I’m not hosting Thanksgiving this year (and it’s a good thing considering the state of my kitchen), but I absolutely love being the one to prepare a feast and gather around a table with loved ones. If I were hosting Thanksgiving this year, this is the menu I would most likely prepare. Pretty traditional dishes and all from scratch. Preparations started days before, a healthy mix of anxiety and excitement, and exhausting hours spent in the kitchen determined to make this the best Thanksgiving ever. And I wouldn’t have it any other way. :)First things first: the table. I absolutely love this hanging leaf decor from the Kinfolk and Sunday Suppers collaboration. Honestly, this display could be put up weeks before so by the time Thanksgiving rolls around, a killer decor is already mostly taken care of. And you get to enjoy it longer this way too. Bonus points if you have kids and can send them out to collect the leaves!
This Orange and Herb Roasted Turkey looks so festive and bright with the citrus and herbs scattered throughout and I bet it tastes amazing too. Turkey is actually the one piece of Thanksgiving that I delegate to Parker, and he’s done a fantastic job in the past.
Orange Scented Cranberry Sauce. This recipe doesn’t call for it, but I like to add dried cherries to my cranberry sauce for a different texture and rich flavor. Just don’t forget and leave it in the refrigerator like I did my first year hosting Thanksgiving. Womp womp.
Jalepeno Cornbread & Buttermilk Biscuit Stuffing. Oh my, this recipe from Local Milk looks so amazing. Even if it does utilize turkey gizzards which kinda
creeps me out intimidates me. The gizzards and liver are supposed to add a richness and depth that makes it irresistible. Beth sold me on it, I would definitely try this. I just wouldn’t tell anyone about the chicken livers ;)
Browned Butter and Sage Sweet Potato Casserole. I made this a couple of years ago and it was a big hit. The recipe doesn’t call to brown the butter, but you can’t go wrong doing it. And the secret to this recipe is that there are both sweet potatoes and white potatoes mixed together to get a fluffier, creamier texture than traditional sweet potatoes. And the sage is a perfect spice for this dish.
Browned Butter Sauteed Brussel Sprouts with Cranberries and Toasted Almonds. More browned butter (you’re welcome). I like to go a little different than the traditional green beans usually found on a Thanksgiving menu. Brussel sprouts are one of my favorite veggies and lend themselves nicely to a Thanksgiving feast since they can be made a little sweet, a little savory, or a little of both. I think I would add diced bacon to this recipe.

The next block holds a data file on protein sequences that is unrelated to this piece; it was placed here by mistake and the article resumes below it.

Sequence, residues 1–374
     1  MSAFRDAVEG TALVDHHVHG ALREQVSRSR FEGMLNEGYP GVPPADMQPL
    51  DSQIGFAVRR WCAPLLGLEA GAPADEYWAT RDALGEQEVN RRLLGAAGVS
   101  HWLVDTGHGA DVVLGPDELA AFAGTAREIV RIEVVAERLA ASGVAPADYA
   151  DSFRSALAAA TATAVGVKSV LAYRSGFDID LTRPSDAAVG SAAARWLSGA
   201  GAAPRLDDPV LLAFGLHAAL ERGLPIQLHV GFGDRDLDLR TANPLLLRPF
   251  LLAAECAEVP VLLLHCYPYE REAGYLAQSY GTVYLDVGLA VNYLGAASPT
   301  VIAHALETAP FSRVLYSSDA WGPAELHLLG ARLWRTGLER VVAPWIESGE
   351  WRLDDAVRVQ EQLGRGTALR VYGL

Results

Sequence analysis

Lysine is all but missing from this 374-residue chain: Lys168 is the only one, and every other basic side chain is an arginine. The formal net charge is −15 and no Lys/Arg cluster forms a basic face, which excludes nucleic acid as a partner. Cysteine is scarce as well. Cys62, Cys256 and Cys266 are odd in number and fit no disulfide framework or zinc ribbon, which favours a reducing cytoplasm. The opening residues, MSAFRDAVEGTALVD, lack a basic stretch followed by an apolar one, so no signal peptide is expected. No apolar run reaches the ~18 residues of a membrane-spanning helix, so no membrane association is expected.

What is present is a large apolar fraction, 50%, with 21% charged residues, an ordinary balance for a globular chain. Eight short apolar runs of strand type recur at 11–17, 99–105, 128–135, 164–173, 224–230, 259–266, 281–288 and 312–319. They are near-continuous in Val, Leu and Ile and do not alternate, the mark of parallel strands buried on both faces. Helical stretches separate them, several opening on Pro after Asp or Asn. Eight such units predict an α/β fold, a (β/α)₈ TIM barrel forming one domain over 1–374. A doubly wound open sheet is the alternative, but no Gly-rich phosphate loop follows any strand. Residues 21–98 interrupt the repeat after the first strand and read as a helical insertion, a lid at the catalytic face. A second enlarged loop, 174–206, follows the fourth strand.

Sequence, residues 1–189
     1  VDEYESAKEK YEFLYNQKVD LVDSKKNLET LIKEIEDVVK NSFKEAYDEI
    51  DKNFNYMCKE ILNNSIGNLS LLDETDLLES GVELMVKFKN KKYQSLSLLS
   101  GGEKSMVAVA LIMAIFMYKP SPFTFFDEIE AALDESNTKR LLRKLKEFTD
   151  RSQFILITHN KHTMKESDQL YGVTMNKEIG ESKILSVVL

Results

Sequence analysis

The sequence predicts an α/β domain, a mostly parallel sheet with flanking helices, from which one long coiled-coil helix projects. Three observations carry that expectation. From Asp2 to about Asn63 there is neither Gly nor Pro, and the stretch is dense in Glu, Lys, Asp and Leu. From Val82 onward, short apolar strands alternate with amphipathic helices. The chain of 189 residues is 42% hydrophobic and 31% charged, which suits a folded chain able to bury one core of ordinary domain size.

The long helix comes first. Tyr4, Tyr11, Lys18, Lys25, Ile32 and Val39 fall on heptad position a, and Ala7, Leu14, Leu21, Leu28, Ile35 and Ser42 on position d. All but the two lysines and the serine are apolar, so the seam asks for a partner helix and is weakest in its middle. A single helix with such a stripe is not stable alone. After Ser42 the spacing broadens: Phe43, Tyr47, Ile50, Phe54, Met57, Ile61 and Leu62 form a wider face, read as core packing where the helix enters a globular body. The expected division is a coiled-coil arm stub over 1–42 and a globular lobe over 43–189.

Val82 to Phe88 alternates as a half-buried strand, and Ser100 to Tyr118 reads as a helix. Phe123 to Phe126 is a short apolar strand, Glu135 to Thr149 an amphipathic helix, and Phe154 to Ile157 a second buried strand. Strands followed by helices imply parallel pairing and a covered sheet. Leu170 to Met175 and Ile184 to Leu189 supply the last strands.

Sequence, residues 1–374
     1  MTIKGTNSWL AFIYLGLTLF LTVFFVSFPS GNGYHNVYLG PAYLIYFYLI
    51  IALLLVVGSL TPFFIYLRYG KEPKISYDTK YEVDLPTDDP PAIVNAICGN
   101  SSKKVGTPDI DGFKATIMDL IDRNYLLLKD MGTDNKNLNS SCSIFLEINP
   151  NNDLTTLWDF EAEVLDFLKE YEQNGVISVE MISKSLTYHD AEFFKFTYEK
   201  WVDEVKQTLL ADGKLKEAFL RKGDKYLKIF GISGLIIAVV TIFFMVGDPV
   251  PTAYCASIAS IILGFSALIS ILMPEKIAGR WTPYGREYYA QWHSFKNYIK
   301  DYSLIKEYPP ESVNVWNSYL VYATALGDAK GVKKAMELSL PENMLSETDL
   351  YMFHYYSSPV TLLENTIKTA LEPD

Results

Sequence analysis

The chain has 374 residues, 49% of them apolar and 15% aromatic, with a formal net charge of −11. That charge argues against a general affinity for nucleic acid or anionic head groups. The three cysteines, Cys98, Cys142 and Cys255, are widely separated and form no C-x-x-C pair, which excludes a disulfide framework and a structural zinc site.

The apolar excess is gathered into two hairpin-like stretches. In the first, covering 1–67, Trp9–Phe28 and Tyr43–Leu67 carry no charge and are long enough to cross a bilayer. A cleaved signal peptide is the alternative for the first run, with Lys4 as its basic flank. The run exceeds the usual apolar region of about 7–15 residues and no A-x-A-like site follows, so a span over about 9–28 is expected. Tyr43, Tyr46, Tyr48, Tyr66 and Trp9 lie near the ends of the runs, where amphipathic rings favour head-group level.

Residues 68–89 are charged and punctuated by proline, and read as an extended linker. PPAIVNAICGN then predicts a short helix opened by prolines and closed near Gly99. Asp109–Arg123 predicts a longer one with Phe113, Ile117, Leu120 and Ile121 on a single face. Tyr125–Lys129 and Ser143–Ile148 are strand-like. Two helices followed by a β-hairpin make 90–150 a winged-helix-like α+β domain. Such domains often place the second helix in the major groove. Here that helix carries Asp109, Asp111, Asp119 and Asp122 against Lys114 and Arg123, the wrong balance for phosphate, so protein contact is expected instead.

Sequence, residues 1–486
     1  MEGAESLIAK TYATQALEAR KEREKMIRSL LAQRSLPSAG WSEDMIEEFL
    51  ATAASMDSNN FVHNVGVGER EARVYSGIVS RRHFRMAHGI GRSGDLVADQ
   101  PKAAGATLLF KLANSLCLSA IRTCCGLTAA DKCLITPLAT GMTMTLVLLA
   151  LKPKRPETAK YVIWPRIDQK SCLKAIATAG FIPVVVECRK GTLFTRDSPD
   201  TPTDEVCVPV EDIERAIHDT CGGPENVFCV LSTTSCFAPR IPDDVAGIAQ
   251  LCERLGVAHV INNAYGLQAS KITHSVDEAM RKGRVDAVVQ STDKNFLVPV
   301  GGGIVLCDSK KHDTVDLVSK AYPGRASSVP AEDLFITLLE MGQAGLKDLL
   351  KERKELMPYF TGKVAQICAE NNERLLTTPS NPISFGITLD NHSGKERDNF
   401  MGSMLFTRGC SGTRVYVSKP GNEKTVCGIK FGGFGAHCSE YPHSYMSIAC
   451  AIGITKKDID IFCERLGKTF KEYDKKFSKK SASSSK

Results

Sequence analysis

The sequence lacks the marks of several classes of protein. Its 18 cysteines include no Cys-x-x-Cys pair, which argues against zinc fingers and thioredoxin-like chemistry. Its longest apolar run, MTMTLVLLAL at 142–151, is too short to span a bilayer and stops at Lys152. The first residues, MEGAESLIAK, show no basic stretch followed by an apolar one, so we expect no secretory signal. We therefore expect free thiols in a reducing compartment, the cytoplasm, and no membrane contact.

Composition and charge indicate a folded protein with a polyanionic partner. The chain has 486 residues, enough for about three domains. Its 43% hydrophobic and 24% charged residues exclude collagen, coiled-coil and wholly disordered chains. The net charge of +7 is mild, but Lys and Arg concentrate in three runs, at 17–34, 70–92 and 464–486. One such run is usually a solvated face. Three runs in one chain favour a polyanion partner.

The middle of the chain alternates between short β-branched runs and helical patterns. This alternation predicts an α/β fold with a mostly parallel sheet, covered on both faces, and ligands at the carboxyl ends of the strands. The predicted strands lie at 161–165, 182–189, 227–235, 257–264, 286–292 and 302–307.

Spiced and Spiked Cider. Get everyone a little tipsy while waiting on the food and they won’t mind if the chef is running a few minutes behind ;)
Parker House Rolls with Rosemary Butter. Dinner rolls can be an afterthought. Throw some frozen ones in the cart as your headed to check out at the grocery store is how I’ve played it in the past. But a really good roll is a special treat and should be given as much attention as everything else on the menu.
Now. After a quick catnap, there’s still dessert to slip everyone in to a delicious and long food coma. These are some I might like to serve.Maple Pumpkin Tart. I’m not a huge fan of pumpkin pie. I’ve never really understood the mass appeal, other than the fact that it is the quintessential Thanksgiving dessert and it’s just traditional to have a slice. But …meh. This recipe looks so good though! Sweetened with maple and pressed in to a nutty, oat and whole wheat crust, it appears to be an updated take on the Thanksgiving staple. Also: I added cream cheese to the filling one year and have been told by many that it was the best pumpkin pie ever. I’ll make sure to get that recipe in time for next year!
Cranberry Grapefruit Shortbread. A lighter option for those who stuffed themselves a bit too much. Cranberries and bright citrus on a buttery shortbread, yum!
Pecan Pie. I have to admit, I’ve never been a fan. Growing up, I wanted nothing to do with any kind of nut, especially in baked goods and especially pecans. But as I’ve gotten older, and my pallet wiser, I love pecans and might actually enjoy a piece of pecan pie. My family loves it though, so even if I still don’t like it, I know this wouldn’t go to waste.
So that’s it! My pretend Thanksgiving menu. Did I miss anything truly important for a Turkey-Day feast? What’s on your menu this year? I’m always open to new recipes.